Methods of leaving a partnership are the issue to look into in this section. Zac decided to leave because of the problems faced in the partnership such as the lawsuit, rent arrears and an unsuccessful business deal that would boost the profits of the firm. It is at this point that Zac decides to quit by notifying Todd about his plan. For starters, he does the right thing by notifying Todd. However, he packs all the equipment and his laptop that contained the recipes. According to Section 37, a partner has the right to notify about dissolution. In this case, Zac and Todd should have reached a consensus of dissolving the partnership or looking for alternative ways of handling the issues at hand. As such, Zac needed to formally notify Todd about his actions. Secondly, property and assets acquired during the partnership have to be shared equally between the two. A clear stipulation on sharing assets is presented by Division 3 Section 19, 20 and 21 of the Partnership Act. Here, all assets, property, money, and interests brought into the partnership are referred to as partnership Property. As such, no one in the partnership should have any form of ulterior interests over the assets. Also, any property bought by proceeds from the partnership is deemed to belong to the partnership. Basing on these laws, Todd and Zac should equally share all the property, assets, losses and profits. However, Zac left with all the equipment and recipes leaving Todd helpless. As such, Zac does not have any right to leave Todd the way he did, unless stated otherwise in their agreement.  

Section 20 of the partnership Act clearly states that all rights and interests vested in the property that was brought by Todd and Zac into the partnership for the main purpose for establishing a business, so that they could get profits belongs to the partnership. As such, this is called partnership property and should be equally shared by all partners in an event of a dissolution. It is thus clear that the brewing equipment, recipe, and laptop that was used by Zac and Todd belongs to the business. In addition, all assets used by the two should be expressly implied to belong to them too. It is at times noted that many partners enter into agreements without taking into consideration how assets will be shared in the end. In this case, one may side with Zac because he used his equipment in the partnership. Todd equally contributed by leasing a premise and looking for a potential market for the product. By having equal participation in the business, it is without a doubt that all equipment and resources that were used should have been shared equally between the two. By deciding to pack all the equipment and leaving Todd empty-handed, Zac used a wrong approach of leaving the partnership. 

Compensation in Partnership


Allen, D. and Blackham, A., 2018. Confidentiality and Settlement: Uncovering the Hidden Secrets of the Enforcement of Equality Law in Australia and the UK. Bourke, J.F. and Lucadou-Wells, R., 2015. Teaching Business Law: Some Ethical Dimensions from Australia.

Hayes, A. and Higgins, D., 2014. Weaving a common narrative: An introduction to essays on families, policy and the law in Australia.

Klatt, Polesel, J., 2018. Emerging partnership practices in VET provision in the senior years of schooling in Australia. The Australian Educational Researcher, 45(2), pp.217-236.

Sheehan, 2016. Natural Gas and the Transformation of Energy Markets: China in a Global Context. Scoping Report to Australia China Natural Gas Technology Partnership Fund (ACNGTPF).

Australia, U., 2017. Indigenous Strategy 2017-2020. Universities Australia.

Barr, J., Ogden, K. and Rooney, K.F., 2015. Educating for Patient Partnership in Australia: Initiating a Change in Approach to Cross-sector Patient-centred Medicine. In 2nd International Conference: Where's the Patient's Voice in Health Professional Education-10 Years On?.

Sellgren, J. and Bennett, R., 2017. Ownership and economic development: the partnership of business and local government 1. In New Forms of Ownership (pp. 27-46). Routledge.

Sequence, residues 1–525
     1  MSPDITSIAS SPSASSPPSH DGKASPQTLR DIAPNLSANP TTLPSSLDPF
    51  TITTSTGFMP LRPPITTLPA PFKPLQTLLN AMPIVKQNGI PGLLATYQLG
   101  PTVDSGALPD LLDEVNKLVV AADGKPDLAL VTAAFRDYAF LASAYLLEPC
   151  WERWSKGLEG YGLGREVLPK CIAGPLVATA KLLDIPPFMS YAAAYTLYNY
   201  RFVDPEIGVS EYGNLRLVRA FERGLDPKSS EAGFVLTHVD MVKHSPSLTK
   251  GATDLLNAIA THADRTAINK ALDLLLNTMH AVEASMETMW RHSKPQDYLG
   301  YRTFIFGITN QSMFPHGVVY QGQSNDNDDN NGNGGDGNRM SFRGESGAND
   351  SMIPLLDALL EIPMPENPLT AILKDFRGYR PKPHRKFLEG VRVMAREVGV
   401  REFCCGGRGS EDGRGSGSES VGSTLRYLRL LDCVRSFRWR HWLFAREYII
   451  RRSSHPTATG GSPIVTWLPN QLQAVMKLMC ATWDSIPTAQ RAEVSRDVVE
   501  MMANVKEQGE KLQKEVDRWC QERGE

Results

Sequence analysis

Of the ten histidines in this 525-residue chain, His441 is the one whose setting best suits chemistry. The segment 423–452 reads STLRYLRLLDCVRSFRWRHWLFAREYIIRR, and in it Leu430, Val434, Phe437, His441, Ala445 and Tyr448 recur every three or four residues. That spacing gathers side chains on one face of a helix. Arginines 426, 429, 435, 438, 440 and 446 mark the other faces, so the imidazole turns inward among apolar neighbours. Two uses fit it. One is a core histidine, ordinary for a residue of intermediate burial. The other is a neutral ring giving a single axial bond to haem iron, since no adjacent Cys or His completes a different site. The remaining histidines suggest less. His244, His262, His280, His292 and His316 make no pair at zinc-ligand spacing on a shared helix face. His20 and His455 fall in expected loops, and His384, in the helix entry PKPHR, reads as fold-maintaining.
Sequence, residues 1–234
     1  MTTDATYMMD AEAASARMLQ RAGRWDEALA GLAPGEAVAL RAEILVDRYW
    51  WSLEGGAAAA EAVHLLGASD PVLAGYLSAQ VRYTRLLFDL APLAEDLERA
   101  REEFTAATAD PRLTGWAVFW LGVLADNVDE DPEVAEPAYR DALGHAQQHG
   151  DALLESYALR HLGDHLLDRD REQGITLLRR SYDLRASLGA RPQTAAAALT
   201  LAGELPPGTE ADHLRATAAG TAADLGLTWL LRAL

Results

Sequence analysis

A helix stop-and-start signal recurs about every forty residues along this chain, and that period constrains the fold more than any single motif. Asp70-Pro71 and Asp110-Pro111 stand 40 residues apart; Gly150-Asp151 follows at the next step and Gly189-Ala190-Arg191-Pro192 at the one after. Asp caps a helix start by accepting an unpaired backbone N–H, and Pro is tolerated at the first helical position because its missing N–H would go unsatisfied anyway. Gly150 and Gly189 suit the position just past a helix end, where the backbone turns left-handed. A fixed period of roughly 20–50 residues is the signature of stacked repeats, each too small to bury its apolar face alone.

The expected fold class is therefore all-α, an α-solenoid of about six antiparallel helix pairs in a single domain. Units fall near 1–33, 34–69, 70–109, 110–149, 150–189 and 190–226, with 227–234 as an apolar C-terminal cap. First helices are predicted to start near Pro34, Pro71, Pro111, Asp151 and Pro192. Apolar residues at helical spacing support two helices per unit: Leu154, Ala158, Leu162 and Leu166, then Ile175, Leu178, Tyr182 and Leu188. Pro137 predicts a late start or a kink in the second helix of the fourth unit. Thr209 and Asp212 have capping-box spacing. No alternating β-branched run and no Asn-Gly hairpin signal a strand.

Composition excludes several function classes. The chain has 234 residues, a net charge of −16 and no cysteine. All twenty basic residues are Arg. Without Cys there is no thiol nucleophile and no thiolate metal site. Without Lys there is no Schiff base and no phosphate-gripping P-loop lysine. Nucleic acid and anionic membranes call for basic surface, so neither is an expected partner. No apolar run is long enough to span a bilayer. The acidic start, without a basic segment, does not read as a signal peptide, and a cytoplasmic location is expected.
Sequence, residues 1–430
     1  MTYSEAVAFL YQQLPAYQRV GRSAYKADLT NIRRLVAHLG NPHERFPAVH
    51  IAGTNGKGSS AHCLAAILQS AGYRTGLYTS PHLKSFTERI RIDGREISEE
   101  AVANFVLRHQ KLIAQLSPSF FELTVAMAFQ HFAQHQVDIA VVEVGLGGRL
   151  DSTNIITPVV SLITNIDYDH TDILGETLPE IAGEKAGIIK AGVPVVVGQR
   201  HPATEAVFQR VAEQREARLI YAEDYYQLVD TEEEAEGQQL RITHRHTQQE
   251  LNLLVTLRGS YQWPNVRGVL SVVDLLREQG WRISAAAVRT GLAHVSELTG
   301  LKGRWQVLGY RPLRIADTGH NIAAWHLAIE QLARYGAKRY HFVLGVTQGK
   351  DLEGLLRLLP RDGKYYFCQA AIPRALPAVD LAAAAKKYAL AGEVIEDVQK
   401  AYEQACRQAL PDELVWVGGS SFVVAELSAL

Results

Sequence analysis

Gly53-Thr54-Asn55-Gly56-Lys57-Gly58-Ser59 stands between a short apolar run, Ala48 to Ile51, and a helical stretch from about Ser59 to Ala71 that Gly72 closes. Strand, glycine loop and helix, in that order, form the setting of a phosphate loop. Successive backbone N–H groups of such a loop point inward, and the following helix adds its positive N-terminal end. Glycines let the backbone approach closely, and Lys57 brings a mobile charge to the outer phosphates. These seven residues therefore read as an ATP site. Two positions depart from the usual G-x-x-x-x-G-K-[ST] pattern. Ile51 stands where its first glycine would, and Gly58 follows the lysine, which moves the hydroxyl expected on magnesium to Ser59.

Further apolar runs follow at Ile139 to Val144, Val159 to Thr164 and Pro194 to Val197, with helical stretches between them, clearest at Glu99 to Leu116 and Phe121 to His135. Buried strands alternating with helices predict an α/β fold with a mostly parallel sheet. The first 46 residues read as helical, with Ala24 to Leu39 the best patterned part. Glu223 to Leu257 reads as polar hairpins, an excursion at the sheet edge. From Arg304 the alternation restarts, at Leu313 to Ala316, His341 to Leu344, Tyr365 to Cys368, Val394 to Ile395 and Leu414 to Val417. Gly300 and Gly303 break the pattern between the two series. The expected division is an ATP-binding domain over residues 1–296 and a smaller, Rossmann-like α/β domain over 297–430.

Fikri, K., 2016. Where the innovation partnership between business and academia is thriving.

Watanabe, K. and Hayashi, T., 2015, October. PPP (Public-Private Partnership)-Based Business Continuity of Regional Banking Services for Communities in Wide-Area Disasters. In International Conference on Critical Information Infrastructures Security (pp. 67-76). Springer, Cham.

Gilman, C.P., 2018. Women and economics. In Inequality in the 21st Century (pp. 31-33). Routledge.

Matsuda, N. and Matsuo, Y., 2017. Impact of MBA on entrepreneurial success: Do entrepreneurs acquire capacity through the program or does MBA only signal gifted talent and experience. Journal of Entrepreneurship & Organization Management, 6(1), pp.1-7.

Huong, H. 2015. Management control process introduction and its reflection in Vietnam and Spain business entities.

Sandhu, M.A., Shamsuzzoha, A. and Helo, P., 2018. Does outsourcing always work?-A critical evaluation for project business success. Benchmarking: An International Journal, (just-accepted), pp.00-00.

Kitsios, F.M., 2017. From Apps to Start-Ups: Success Factors for New Entries in an Open Data Ecosystem. In Global Opportunities for Entrepreneurial Growth: Coopetition and Knowledge Dynamics within and across Firms (pp. 337-354). Emerald Publishing Limited.

Rubin, T.H., Aas, T.H. and Stead, A., 2015. Knowledge flow in technological business incubators: evidence from Australia and Israel. Technovation, 41, pp.11-24.

Borman, M., 2017. Applying multiple perspectives to the BPO decision: a case study of call centers in Australia. In Outsourcing and Offshoring Business Services (pp. 413-454). Palgrave Macmillan, Cham.

Yeoh, W. and Popovi?, A., 2016. Extending the understanding of critical success factors for implementing business intelligence systems. Journal of the Association for Information Science and Technology, 67(1), pp.134-147.

Alvesson, M. and Karen, D., 2016. Intellectual failure and ideological success in organization studies: The case of transformational leadership. Journal of Management Inquiry, 25(2), pp.139-15

Cite This Work

To export a reference to this article please select a referencing stye below:

My Assignment Help. (2020). Determining Partnership And Dissolution: A Case Study Essay.. Retrieved from

"Determining Partnership And Dissolution: A Case Study Essay.." My Assignment Help, 2020,

My Assignment Help (2020) Determining Partnership And Dissolution: A Case Study Essay. [Online]. Available from:
[Accessed 02 March 2024].

My Assignment Help. 'Determining Partnership And Dissolution: A Case Study Essay.' (My Assignment Help, 2020) <> accessed 02 March 2024.

My Assignment Help. Determining Partnership And Dissolution: A Case Study Essay. [Internet]. My Assignment Help. 2020 [cited 02 March 2024]. Available from:

Get instant help from 5000+ experts for

Writing: Get your essay and assignment written from scratch by PhD expert

Rewriting: Paraphrase or rewrite your friend's essay with similar meaning at reduced cost

Editing: Proofread your work by experts and improve grade at Lowest cost

250 words
Phone no. Missing!

Enter phone no. to receive critical updates and urgent messages !

Attach file

Error goes here

Files Missing!

Please upload all relevant files for quick & complete assistance.

Other Similar Samples

sales chat
sales chat